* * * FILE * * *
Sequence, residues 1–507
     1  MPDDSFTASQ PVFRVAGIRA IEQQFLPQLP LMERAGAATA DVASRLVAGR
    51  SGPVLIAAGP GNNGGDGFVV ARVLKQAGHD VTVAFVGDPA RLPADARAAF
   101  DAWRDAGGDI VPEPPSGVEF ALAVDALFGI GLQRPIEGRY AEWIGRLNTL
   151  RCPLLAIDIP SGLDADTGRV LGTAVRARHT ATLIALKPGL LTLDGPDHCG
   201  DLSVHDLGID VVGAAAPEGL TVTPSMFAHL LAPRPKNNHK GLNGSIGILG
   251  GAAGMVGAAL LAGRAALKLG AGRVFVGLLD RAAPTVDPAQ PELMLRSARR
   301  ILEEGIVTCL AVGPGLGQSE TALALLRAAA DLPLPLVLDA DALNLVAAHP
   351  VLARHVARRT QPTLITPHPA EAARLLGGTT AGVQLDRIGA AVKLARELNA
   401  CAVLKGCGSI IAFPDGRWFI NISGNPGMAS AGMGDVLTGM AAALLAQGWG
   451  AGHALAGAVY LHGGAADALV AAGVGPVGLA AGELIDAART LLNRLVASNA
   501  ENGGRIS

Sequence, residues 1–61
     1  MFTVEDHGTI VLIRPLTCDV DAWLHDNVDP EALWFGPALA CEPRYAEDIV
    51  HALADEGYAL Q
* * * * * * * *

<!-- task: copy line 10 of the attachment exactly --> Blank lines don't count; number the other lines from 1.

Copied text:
   401  CAVLKGCGSI IAFPDGRWFI NISGNPGMAS AGMGDVLTGM AAALLAQGWG